Answering what Dr. King called life’s most persistent and urgent question:

“What are you doing for others?”

By Rosa Colquitt, PhD, Democratic Party of Oregon Vice Chair, DPO Black Caucus Chair

photo image of martin luther king with a quote next to his head and the DPO black caucus logo below the photoJanuary 16, 2023 marks the 28th anniversary of the annual Martin Luther King, Jr. Day of Service. Observed annually on the third Monday in January as “a day on, not a day off,” this federally recognized holiday encourages all Americans to honor Dr. King through service to one another and to their communities.

As we close the book on the year that was and welcome 2023 with optimism and renewed expectations, the MLK Day of Service inspires all of us to become much more involved in finding ways to serve others. On the occasion of celebrating Dr. King’s birthday, his life, and his legacy, we cannot help to but remember what he was doing on his last day of life: making a difference in the lives of others through supporting striking sanitation workers in Memphis, Tennessee.

I sometimes wonder how different, how much better our communities and our nation would be if each of us could devote a couple of hours each month to volunteerism. There are almost as many ways to volunteer as committed individuals, as there are people to serve. In moving forward into 2023, this is particularly true as we face the challenges that have been exacerbated by the pandemic, such as hunger, poverty, homelessness, the lack of equitable, quality health care, and mental and racial disparities.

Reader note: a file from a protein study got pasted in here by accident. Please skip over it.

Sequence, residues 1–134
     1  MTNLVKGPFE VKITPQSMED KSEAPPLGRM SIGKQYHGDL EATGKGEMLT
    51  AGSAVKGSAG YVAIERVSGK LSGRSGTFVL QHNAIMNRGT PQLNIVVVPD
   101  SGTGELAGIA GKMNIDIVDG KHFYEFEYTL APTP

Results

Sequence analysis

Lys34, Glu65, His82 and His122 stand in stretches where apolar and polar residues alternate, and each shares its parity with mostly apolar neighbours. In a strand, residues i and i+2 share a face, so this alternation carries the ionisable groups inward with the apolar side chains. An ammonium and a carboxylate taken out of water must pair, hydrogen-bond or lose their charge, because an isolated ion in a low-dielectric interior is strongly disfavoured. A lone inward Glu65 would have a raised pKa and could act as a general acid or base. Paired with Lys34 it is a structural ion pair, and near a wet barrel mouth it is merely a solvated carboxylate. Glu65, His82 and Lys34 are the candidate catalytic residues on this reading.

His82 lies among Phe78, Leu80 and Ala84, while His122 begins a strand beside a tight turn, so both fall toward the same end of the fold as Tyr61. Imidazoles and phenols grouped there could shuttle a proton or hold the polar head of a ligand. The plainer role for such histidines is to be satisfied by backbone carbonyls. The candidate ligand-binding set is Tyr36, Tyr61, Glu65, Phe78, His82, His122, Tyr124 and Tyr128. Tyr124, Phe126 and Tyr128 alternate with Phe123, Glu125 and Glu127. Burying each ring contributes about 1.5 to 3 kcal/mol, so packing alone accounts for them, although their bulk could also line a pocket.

Volunteering as a family is a very special way to teach younger children to serve others and to give back to their community. Knowing how much Dr. King loved his young children, and all children, I believe he would be especially happy to see families volunteering together; to see adults transmitting to future generations the important value of service to others. Indeed, young children learn by observing the behavior of adults.
When discussing how he wanted to be remembered, Dr. King said, “I’d like somebody to mention that day that Martin Luther king, Jr., tried to give his life serving others.” This is my labor. This is our labor. It is my hope that “democracy” seeking Americans will stand on the front line of answering Dr. King’s urgent question, “What are you doing for others?”
As Oregon Democrats, let’s all come together on the MLK Day of Service, and each day thereafter, to empower individuals through volunteer service to others. To empower people through volunteerism in building strong, healthy, environmentally safe communities, while addressing social and economic inequalities. In volunteering to serve others, we move Oregon and the nation one step closer to Dr. King’s vision of the “beloved community.”

Make a difference in the lives of others and in our communities.

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Rosa Colquitt, PhD
Democratic Party of Oregon Vice Chair
Chair, DPO Black Caucus